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H-1B Wages Surge to the Top 10% of All Wages in the US

By Bill at April 14, 2022 01:02
Filed Under: Immigration News
by David Bier, Cato Institute

Opponents of the H‑1B visa often claim that H‑1B employers “pay low wages.” This has never been true, but the latest wage data prove how ridiculous this claim is. H‑1B workers are highly paid: their wages are in the 90th percentile of all wages in the United States, meaning that they have wages in the top 10 percent of U.S. wage earners. H‑1B workers are not low wage or “cheap” workers in any honest assessment of the meaning of those words.

The Bureau of Labor Statistics announced last week that the median wage for all U.S. workers in 2021 was $45,760 and that the 90th percentile for all U.S. wages was $102,810. Meanwhile, according to the Department of Homeland Security (DHS), the median wage for H‑1B worker in 2021 was about $108,000—above the 90th percentile and well over double the median wage for all U.S. workers. The majority of H‑1B workers are making more than all but about 8 percent of U.S. workers.

Figure 1 shows how H‑1B wages have surged above the 90th percentile for the first time since DHS has reported H‑1B wages in 2003. It also shows that H‑1B wage growth has exceeded the growth for all U.S. workers. From 2003 to 2021, the nominal median H‑1B wage grew 52 percent, while the nominal median for all U.S. workers grew just 39 percent. If H‑1B employers could just pay whatever they want—as opponents claim—these increases would not be happening.

DHS held its annual lottery last week to allocate the 85,000 cap‐​subject H‑1B temporary work visas for high skilled foreign workers. The exact number of entrants is not clear, but once again, demand for H‑1B workers far exceeded the cap. In 2021, employers submitted more than 300,000 registrations. The wage data show that the U.S. government is turning away billions of dollars in production, decreasing tax revenue and harming U.S. competitiveness. There is no reason to impose an arbitrary limit on H‑1B visas. The numbers should reflect the demand for workers.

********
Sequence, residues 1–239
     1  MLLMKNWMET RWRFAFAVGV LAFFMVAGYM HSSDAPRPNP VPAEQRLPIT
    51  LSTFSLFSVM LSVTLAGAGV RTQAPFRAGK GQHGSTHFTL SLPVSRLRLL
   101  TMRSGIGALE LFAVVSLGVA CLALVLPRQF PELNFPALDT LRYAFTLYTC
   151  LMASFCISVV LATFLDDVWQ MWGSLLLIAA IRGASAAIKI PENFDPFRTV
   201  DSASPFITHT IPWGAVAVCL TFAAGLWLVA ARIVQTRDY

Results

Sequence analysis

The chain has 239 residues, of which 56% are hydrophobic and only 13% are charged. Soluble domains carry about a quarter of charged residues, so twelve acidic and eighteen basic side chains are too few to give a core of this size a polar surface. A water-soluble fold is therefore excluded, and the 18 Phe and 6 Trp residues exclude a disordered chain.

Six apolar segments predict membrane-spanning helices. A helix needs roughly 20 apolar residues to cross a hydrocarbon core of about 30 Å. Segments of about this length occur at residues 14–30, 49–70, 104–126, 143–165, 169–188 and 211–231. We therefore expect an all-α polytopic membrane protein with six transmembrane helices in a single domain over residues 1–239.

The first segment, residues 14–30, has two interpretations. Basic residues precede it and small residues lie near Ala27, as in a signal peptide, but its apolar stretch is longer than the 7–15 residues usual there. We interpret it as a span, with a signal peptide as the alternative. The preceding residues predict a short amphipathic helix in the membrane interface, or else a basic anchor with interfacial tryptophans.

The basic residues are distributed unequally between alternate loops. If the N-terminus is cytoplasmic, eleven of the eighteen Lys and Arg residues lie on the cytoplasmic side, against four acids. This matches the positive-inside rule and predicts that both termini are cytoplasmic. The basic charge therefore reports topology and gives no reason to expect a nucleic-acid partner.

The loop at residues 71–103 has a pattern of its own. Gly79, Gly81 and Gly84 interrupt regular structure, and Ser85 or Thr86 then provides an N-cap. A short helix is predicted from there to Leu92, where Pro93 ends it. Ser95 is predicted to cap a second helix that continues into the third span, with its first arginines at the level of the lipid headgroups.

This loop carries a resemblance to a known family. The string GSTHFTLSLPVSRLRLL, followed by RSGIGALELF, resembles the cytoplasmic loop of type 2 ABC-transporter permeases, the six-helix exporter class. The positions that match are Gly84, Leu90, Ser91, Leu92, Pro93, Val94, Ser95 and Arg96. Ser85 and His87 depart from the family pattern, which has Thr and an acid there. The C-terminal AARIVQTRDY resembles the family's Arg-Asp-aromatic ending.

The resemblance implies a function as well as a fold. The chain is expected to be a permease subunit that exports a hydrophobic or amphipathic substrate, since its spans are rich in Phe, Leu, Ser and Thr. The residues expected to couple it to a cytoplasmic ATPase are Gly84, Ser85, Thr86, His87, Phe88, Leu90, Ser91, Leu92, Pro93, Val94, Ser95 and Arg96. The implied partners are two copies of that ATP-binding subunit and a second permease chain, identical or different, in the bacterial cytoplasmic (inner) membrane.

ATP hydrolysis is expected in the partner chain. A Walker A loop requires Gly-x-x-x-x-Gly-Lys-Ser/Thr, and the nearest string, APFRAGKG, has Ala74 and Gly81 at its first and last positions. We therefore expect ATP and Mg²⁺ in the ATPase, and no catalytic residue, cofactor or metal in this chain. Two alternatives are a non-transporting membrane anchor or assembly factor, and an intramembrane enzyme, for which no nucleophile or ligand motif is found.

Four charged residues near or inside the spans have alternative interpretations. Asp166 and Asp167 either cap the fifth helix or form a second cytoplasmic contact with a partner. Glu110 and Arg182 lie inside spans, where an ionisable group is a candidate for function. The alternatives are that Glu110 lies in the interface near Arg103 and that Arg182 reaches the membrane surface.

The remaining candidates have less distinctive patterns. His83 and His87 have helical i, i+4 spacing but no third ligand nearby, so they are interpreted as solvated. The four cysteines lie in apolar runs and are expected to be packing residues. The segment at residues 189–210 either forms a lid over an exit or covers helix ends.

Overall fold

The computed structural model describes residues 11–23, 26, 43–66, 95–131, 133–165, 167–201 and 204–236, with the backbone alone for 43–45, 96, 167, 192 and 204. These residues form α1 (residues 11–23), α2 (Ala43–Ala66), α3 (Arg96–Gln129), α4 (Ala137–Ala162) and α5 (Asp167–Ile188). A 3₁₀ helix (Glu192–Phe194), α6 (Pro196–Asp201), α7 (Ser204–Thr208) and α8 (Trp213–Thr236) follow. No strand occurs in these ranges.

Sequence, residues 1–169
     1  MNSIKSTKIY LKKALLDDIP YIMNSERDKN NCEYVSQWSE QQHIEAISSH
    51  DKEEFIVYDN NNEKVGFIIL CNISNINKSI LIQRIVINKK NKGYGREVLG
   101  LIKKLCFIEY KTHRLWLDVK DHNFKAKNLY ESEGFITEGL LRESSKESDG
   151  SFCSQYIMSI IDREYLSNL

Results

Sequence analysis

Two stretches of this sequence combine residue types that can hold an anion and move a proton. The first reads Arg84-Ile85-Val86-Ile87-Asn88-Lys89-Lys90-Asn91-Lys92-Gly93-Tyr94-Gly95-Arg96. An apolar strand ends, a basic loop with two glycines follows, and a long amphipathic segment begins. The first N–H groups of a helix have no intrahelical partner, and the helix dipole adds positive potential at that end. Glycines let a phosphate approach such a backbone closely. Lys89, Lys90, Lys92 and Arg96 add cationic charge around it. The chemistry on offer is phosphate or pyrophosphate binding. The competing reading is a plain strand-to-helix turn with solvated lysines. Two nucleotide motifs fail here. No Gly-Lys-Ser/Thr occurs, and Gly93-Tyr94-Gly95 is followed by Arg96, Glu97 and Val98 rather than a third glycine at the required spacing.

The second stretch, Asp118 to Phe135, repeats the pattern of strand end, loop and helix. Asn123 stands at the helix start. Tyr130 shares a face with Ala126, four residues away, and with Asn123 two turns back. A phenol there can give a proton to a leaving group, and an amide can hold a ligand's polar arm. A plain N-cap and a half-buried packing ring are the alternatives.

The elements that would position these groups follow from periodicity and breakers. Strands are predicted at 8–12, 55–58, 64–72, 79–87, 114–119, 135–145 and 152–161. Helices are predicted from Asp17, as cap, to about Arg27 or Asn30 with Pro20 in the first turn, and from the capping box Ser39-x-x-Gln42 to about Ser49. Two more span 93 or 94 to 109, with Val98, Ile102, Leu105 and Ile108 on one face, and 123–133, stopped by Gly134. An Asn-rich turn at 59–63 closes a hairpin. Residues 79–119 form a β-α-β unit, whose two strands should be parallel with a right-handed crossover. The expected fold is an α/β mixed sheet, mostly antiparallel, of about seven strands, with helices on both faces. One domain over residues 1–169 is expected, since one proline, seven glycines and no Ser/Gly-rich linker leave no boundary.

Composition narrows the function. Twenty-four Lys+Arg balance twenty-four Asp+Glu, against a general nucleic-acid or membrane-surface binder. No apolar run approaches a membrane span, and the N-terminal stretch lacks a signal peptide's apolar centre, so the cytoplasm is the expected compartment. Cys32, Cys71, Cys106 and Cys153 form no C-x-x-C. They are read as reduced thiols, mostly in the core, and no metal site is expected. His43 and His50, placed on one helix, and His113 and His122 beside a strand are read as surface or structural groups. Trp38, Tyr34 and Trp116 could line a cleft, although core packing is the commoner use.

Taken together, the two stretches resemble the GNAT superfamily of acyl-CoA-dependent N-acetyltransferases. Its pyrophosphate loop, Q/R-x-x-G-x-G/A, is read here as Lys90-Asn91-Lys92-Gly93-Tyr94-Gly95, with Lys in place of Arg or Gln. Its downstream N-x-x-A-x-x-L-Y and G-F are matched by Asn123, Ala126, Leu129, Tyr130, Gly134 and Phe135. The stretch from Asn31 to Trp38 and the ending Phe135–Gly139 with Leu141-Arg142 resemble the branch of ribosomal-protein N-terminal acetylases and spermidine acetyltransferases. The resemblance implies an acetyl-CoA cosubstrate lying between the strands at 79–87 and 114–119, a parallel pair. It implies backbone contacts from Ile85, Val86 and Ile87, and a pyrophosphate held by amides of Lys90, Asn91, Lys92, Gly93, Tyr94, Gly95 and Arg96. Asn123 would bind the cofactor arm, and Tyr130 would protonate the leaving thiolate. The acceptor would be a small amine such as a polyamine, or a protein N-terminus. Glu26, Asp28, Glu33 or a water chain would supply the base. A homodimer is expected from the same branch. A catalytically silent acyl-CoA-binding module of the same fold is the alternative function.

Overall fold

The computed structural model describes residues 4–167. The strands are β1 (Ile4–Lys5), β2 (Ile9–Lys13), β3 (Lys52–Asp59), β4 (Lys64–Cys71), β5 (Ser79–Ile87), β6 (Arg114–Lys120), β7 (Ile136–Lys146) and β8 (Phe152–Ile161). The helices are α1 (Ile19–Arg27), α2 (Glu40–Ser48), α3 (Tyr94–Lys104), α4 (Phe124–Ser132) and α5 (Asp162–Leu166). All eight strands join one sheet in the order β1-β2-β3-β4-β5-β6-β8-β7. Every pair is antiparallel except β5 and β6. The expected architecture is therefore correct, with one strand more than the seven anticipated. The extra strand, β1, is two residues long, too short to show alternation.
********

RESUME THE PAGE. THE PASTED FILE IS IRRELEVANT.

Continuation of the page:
Of course, the H‑1B program has its problems. H‑1B workers should be able to receive promotions, change jobs, and start businesses without onerous government restrictions. DHS should automatically send them green cards shortly after their arrival without needing to undergo yet another bureaucratic and expensive effort that is often delayed by ridiculously low and outdated caps, both overall and on immigrants from specific countries.

But in reforming the green card process, Congress should not ignore the massive economic benefits from the H‑1B program—which is the initial on‐​ramp for the vast majority of skilled green card applicants. The latest wage data only further confirm the urgency of raising the H‑1B cap and making hiring foreign workers easier.